English Gardens -MunichEarlier this year, I read Peter Stamm’s marvellous Seven Years which is set in my beloved Munich.  It is one of my favourite reads of 2012 thus far.  Given that it’s now June and I’m still wearing a winter coat in Scotland, I am relocating this virtual interview to a warm early summer’s evening in Munich’s English Gardens. We are enjoying a cool, refreshing beer as we chat about his novel.  In the finest tradition of one of the main characters, please eavesdrop on our conversation.

LS:  Describe the genesis of Seven Years. How long did the novel take to write? Are the characters based on real people? 

PS:  I worked on the novel for about two years as it involved a lot of research. The book was inspired by Gombrowicz’s play Yvonne, the Princess of Burgundy.   The main characters are not based directly on people I know, although there may be some similarities here and there.

LS:  When did you decide on the architectural elements?  How, when and why did you settle on Munich and Marseilles as your two cities of contrast?

PS: That came quite early on.  I wanted a city that suited Alex and Sonja.  Somewhere a  bit too trendy.  Hence Munich.  Marseilles was chosen because of the Le Corbusier connection.  I already knew and liked the city, which is quite different from Munich.  First impressions are that it is much uglier, yet it is still a very lively and exciting place.

LS:  How do you know about the mold in the Olympic Village bungalows?  (I’m curious as I lived there myself.)

Olympisches DorfPS: I visited, just at the right time – just before the bungalows were demolished.  (What! Lizzy takes a deep breathe and tries not to hyperventilate. Those bungalows were iconic!)  A student showed me round and explained the lifestyle.

LS:  Seven Years is a novel replete wth flawed and unlikeable characters.  Is there a character you dislike more than the others and why?

PS: I understand Ivona least of all.  Perhaps that’s why I became so fond of her.  Sonja’s not that bad.  She does try to be a good architect, wife and mother. It’s not really her fault that she doesn’t entirely succeed.  And Alex isn’t a bad human being.  I must always feel sympathetic towards my main characters.  I wouldn’t be capable of spending so much time with them otherwise.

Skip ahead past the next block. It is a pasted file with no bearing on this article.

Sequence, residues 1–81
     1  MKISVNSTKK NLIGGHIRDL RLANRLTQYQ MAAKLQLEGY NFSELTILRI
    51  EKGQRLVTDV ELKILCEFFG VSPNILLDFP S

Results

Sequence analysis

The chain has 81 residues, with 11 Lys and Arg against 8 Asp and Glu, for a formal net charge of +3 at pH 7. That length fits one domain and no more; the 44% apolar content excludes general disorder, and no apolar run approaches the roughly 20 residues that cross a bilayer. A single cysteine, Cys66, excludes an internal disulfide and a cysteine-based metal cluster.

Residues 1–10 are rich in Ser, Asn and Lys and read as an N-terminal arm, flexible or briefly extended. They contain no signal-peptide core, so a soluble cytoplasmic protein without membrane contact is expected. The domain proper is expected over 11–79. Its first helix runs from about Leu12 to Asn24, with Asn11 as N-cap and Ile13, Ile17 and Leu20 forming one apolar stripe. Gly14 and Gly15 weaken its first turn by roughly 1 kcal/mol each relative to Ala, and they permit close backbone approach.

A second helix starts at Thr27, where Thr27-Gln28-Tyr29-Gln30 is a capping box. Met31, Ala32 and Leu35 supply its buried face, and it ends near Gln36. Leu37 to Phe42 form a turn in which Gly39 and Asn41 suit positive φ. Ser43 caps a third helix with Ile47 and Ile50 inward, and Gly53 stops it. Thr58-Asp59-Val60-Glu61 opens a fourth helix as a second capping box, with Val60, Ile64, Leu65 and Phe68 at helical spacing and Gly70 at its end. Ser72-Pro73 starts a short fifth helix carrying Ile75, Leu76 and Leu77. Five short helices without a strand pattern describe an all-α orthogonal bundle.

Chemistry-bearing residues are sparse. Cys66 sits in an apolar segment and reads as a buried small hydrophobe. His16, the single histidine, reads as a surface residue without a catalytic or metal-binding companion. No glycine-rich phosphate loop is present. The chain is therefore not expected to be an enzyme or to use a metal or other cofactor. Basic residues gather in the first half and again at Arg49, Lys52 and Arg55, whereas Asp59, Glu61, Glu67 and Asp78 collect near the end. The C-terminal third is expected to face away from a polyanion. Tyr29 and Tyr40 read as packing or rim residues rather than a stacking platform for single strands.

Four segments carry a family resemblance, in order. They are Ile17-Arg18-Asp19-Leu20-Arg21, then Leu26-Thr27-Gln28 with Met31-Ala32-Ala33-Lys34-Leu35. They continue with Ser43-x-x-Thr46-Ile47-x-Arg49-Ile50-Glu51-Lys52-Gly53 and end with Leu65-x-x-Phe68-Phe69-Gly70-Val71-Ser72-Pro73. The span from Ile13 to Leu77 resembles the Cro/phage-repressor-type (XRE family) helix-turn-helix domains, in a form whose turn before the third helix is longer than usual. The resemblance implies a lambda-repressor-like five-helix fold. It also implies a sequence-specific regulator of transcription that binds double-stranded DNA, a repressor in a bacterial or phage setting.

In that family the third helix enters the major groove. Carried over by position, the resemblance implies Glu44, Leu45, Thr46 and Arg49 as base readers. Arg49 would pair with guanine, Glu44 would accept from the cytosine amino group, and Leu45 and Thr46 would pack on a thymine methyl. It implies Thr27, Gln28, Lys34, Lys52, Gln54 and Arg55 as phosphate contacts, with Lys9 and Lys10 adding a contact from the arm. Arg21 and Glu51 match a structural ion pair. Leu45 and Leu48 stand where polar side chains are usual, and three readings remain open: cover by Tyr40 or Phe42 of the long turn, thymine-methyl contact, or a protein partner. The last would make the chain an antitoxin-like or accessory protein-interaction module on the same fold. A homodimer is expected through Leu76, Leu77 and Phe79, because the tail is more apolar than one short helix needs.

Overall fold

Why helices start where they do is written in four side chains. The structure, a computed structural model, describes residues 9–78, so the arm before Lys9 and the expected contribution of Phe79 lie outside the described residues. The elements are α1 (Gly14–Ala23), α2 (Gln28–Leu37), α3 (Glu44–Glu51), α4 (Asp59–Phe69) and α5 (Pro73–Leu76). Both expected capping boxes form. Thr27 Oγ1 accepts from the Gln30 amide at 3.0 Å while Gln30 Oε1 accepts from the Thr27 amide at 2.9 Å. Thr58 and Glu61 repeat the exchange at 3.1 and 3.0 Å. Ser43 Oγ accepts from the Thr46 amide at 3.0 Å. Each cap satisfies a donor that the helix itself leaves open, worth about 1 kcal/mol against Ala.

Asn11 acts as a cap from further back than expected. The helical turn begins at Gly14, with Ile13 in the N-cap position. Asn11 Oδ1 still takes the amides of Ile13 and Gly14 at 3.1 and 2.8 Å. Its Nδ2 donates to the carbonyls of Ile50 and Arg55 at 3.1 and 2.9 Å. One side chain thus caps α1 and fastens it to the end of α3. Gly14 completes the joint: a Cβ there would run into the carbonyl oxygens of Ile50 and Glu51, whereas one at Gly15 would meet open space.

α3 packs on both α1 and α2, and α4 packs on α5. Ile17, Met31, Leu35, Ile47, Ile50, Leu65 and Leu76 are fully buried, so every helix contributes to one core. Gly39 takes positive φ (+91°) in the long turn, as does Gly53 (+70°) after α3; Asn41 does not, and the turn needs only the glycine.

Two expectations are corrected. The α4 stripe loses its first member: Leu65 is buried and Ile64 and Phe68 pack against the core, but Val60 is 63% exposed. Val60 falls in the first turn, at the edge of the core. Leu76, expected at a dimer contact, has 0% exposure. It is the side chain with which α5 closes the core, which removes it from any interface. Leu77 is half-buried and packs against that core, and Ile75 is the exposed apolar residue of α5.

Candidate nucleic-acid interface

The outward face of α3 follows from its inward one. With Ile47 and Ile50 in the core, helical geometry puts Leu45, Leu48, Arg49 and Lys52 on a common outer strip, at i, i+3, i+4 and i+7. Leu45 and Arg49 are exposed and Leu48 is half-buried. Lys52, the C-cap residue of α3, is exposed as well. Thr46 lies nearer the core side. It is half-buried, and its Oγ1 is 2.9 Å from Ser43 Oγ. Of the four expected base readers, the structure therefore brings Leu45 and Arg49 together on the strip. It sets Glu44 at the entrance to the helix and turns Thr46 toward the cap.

LS:  Would you say that Ivona, with her unquestioning and neverending devotion in the face of Alex’s callousness, is nothing other than a male fantasy?

PS: I’ve heard that accusation before.  And although there are no real-life models for the three main characters, people have told me that they know people like that.  

LS: Towards the end of the novel, Alex reviews events and summarises them thus:  It seemed to me that everything had just happened to me, and I was as little to blame for it as Sonia and Ivona.  I wasn’t a monster.  I was no better and no worse that anyone else.  Would you really let Alex off so lightly?

PS: Yes.  How often do we make wrong decisions?  An author shouldn’t judge.  My ambition is to understand the human condition and to forgive everything.  Alex is as much a victim as a perpetrator.  

LS:  Describe the translation process from your point-of-view.  Does this differ from language to language?

PS: It does.  There are translators who do not contact me at all.  Other send me loads of questions.  Michael Hofmann is a very experienced translator, who sends in queries only when the German is ambiguous.

LS: Unformed Landscape is described as your masterpiece and was your first novel to be translated into English.  Did this success bring additional pressures when writing subsequent novels? Has being translated made any difference to your choice of subject matter?

PS: Not at all. My first novel, Agnes, was translated into 25 languages. Being translated shouldn’t make any difference to an author’s material. Quality is the only valid criteria. If I had wanted only to make lots of money, I would have chosen a different profession.

LS: I co-hosted German (language) Literature Month last year and am likely to do so again this year. This incorporates a Swiss literature week. Could you give me 3 recommendations of Swiss literature to seek out to read Swiss Literature Week? (They need not have been translated into English.)

PS: Anything that Markus Werner has written; Klaus Merz, Jakob schläft; Tim Krohn, Quatemberkinder

LS: The desert island question. You are allowed to take 3 books onto this proverbial island. What would they be and why?

PS: My Notebook, in case there’s an electricity supply; a note book should there be no electricity and, assuming multi-volume works are allowed, The Encyclopedia Britannica, the best encyclopedia I know. 

LS: You are allowed one more book – one of your own. Which would it be and why?

PS: Unformed Landscape, because Kathrine is my favourite character.  She is so frequently alone.  It’s almost as though she’s living on a desert island herself.



Peter Stamm (Photo credit Gaby Gerster)

Peter Stamm will be appearing at the 2012 Edinburgh International Book Festival on August 23.  I plan to be first in the queue!